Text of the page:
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“Modified” FOLFIRINOX Regimen Approved by FDA for 2nd Line Treatment of Pancreatic Cancer

On the 22nd of October, 2015, the U.S. Food and Drug Administration approved a new combination therapy that includes the drug Onivyde for patients with metastatic pancreatic cancer (ductal adenocarcinoma of the pancreas) who had earlier been treated until progression of disease while on gemcitabine or a gemcitabine-based regimen. Onivyde is liposomal irinotecan, a topoisomerase I inhibitor (was called CPT-11, and originally derived from the plant extract camptothecin). This liposomal version was earlier known as MM-398 (and still earlier as PEP02). The combination that was approved is similar to the FOLFIRINOX regimen for pancreatic cancer, but without oxaliplatin – the 4th drug.

The liposome portion of the Onivyde refers to a fatty-like or “lipid” substance that covers the drug molecule generally creating a spherical shape. The underlying rationale typical for placing a drug-agent in a liposomal structure is to slow down absorption or to better target the drug to increase its duration or efficacy, and/or to reduce side-effects. The firm that owns Onivyde is Merrimac Pharmaceuticals of Cambridge, Massachusetts. They had or have Onivyde under study for the treatment a number of cancers including as the first line for advanced pancreatic cancer, breast cancer, pediatric sarcoma, brain cancer, and pediatric solid tumors.

This now approved FDA combination includes three drugs:  Onivyde, with 5-FU and leucovorin. The full FOLFIRINOX regimen includes four drugs: irinotecan (standard version), 5-FU, leucovorin, and oxaliplatin. FOLFIRINOX has been in frequent use as first line therapy in advanced pancreatic cancer beginning from the May 12, 2011 study published in the New England Journal of Medicine (NEJM) that demonstrated an overall survival of those with metastatic pancreatic cancer in the FOLFIRINOX treatment arm of 11.1 months compared with 6.8 months in the gemcitabine treatment arm.

Since that time, the Pancreatica Blog has also been interested in a number of studies that have looked at so-called “modified FOLFIRINOX regimens.” For example, one combination that entirely avoided the use of irinotecan. Another, substituted the drug-agent S-1 for 5-FU. Still another study modified the dosages of the agents such that the side-effects might be reduced while still aiming to maintain the efficacy for combating pancreatic cancer.

The most recent previous published article on Onivyde for advanced pancreatic cancer that we have been able to find (anywhere) is a Phase II study published on August 20, 2013 in the British Journal of Cancer by authors including a member of our Science Board, Professor Margaret Tempero. This study was commented on at the time here in the Pancreatica Blog. Onivyde had earlier received orphan drug status with the FDA for pancreatic cancer and was eligible for a Priority (expedited) Review.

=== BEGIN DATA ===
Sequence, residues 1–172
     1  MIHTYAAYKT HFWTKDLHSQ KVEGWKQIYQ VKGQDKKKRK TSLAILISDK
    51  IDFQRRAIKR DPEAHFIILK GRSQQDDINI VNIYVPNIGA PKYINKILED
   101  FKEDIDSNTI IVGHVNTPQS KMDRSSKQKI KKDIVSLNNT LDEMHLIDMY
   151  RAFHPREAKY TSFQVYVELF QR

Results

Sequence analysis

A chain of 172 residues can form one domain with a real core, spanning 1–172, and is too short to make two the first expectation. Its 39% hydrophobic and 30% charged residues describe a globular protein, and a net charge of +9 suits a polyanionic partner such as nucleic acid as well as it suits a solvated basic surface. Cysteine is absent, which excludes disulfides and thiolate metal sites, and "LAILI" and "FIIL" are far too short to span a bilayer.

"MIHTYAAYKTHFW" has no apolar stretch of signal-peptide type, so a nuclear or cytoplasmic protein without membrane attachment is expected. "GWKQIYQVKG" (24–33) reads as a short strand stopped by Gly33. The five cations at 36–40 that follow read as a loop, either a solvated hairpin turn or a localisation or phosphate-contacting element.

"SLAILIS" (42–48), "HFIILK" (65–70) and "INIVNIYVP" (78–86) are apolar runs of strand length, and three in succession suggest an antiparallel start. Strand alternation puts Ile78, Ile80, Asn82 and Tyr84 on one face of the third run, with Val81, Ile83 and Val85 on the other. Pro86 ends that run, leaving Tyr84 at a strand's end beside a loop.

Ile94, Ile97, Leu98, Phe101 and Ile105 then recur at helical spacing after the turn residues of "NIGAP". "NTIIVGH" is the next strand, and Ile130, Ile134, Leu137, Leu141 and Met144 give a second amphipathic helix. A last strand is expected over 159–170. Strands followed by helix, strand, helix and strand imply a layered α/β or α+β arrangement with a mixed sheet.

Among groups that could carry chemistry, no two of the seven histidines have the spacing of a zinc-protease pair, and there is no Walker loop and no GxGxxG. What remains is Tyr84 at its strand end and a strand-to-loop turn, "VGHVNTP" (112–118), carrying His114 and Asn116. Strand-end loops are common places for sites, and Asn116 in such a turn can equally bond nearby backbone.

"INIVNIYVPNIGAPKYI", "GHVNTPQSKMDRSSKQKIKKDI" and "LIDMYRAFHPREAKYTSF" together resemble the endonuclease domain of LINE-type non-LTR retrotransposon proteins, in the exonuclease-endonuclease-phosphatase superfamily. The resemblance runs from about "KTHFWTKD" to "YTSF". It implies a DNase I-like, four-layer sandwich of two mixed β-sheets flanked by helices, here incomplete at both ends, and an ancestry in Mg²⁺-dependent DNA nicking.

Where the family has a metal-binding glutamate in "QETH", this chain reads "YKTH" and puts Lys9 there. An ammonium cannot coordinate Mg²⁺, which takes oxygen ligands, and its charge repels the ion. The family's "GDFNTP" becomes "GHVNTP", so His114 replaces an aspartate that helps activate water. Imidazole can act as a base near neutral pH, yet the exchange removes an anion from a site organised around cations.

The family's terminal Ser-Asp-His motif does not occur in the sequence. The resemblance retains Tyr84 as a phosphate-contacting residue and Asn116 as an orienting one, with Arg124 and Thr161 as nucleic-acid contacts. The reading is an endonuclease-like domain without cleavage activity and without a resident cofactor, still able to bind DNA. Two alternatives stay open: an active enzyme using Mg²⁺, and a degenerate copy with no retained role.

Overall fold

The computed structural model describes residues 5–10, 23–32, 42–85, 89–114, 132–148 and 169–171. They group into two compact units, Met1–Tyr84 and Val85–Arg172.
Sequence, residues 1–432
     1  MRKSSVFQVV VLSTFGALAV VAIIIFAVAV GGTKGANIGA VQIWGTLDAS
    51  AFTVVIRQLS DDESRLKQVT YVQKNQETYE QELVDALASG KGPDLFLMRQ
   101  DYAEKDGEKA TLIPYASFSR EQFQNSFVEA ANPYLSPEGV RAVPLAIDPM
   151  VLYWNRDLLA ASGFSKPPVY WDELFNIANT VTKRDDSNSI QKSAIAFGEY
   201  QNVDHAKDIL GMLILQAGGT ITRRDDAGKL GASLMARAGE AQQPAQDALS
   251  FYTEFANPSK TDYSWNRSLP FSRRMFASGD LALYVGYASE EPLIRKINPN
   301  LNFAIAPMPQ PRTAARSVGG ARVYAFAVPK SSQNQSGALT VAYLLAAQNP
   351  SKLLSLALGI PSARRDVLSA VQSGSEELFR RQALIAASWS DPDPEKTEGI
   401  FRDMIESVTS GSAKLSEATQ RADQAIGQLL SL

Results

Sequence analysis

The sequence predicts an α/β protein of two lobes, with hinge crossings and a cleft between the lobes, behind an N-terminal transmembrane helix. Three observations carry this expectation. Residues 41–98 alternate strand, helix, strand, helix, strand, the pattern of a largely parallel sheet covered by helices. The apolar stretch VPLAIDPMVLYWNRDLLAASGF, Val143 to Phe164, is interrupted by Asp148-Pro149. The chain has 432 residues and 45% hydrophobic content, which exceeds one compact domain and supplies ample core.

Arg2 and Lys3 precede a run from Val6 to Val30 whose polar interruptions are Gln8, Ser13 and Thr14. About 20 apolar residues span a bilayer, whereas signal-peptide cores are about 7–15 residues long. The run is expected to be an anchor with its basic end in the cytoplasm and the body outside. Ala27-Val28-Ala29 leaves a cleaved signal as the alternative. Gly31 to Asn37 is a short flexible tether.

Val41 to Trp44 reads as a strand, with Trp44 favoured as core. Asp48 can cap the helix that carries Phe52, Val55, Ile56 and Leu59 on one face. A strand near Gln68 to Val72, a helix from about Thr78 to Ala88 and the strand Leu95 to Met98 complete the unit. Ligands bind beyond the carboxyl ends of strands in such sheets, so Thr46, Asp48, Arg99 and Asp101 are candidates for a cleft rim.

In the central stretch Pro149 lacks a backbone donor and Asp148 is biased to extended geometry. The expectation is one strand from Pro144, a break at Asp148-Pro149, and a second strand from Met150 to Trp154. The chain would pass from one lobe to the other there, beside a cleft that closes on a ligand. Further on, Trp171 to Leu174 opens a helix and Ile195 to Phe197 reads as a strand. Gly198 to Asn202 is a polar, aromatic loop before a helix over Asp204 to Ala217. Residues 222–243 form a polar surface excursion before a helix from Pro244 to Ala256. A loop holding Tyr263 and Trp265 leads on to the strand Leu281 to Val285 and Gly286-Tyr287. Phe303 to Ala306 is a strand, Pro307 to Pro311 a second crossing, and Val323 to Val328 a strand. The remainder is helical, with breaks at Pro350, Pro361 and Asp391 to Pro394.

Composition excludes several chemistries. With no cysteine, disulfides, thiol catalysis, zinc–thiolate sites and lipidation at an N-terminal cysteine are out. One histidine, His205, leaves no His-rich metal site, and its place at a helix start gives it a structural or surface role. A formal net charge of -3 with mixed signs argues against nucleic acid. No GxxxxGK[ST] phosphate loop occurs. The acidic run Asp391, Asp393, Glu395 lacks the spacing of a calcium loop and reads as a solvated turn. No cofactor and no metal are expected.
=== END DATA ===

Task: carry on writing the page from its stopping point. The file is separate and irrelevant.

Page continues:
It appears that the much of data used by the FDA in determining its decision came from the NAPOLI 1 Phase III randomized open-label clinical trial that was begun on December 14, 2011 (estimated time of completion was June, 2015) for those with pancreatic cancer (417 patients; 79 study locations worldwide) who had become refractory to gemcitabine regimens. The three arms of this clinical trial included one for the use of Onivyde infusion alone, one for 5-FU and leucovorin, and one with Onivyde together with 5-FU and leucovorin. The metastatic pancreatic cancer patients who received the full three-drug combination had a median survival duration of 6.1 months, compared to 4.1 months with just 5-FU and leucovorin. There was not an advantage of Onivyde alone over 5-FU and leucovorin.

The two most common very serious side-effects of the Onivyde regimen resulting in what will be a boxed package warning are severe leucopenia (low white cell count) and diarrhea.

Until now, there has been no generally agreed upon official second line treatment for pancreatic cancer. This three-drug Onivyde regimen, as approved by the FDA, will be the first (of a sort). But there are some points that should be made. The results need to be verified. The liposomal form of irinotecan (Onivyde) may well be superior to the standard form of irinotecan in combination, but this will require more study to fully determine. The Onivyde regimen will need to be compared to the standard FOLFIRINOX regimen (and other modified FOLFIRINOX regimens) in the treatment of pancreatic cancer in those for whom gemcitabine regimens have allowed disease progression.  And it should be noted that the survival advantage of the Onivyde regimen over that of 5-FU and leucovorin was somewhat small.

With these caveats, one might say that this FDA approval likely represents a modest step forward in the treatment of advanced pancreatic cancer in those for whom gemcitabine regimens have failed. And certainly this work establishes a new waypoint by which to compare further research on the range of options for the second line treatment of pancreatic cancer.

 

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Dale O’Brien, MD